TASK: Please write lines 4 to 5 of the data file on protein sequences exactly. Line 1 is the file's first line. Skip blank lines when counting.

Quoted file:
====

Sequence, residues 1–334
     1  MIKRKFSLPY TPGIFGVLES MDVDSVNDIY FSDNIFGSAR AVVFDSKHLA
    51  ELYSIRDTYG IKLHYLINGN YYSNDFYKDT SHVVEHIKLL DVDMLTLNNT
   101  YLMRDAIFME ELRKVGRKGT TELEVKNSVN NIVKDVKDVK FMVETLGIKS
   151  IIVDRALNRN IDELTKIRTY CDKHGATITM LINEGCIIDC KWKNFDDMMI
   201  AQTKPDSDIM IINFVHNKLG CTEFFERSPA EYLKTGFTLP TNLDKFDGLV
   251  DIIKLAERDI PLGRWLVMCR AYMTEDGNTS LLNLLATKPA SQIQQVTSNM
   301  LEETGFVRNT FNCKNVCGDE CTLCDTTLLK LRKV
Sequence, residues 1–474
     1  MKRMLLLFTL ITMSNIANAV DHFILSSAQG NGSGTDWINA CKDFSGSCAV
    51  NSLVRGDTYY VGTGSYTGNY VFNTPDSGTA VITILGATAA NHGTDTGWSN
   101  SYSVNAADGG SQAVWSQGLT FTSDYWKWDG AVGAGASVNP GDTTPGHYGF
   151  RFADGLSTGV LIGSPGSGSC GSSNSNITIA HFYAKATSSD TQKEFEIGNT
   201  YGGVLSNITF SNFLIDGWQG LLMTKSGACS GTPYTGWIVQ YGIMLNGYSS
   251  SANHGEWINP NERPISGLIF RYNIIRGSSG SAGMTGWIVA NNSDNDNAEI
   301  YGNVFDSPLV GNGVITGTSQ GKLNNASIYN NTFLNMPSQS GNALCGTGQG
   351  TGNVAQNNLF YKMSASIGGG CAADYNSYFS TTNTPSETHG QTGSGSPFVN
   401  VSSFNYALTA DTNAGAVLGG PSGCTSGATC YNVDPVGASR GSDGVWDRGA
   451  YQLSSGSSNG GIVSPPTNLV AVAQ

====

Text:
   101  YLMRDAIFME ELRKVGRKGT TELEVKNSVN NIVKDVKDVK FMVETLGIKS
   151  IIVDRALNRN IDELTKIRTY CDKHGATITM LINEGCIIDC KWKNFDDMMI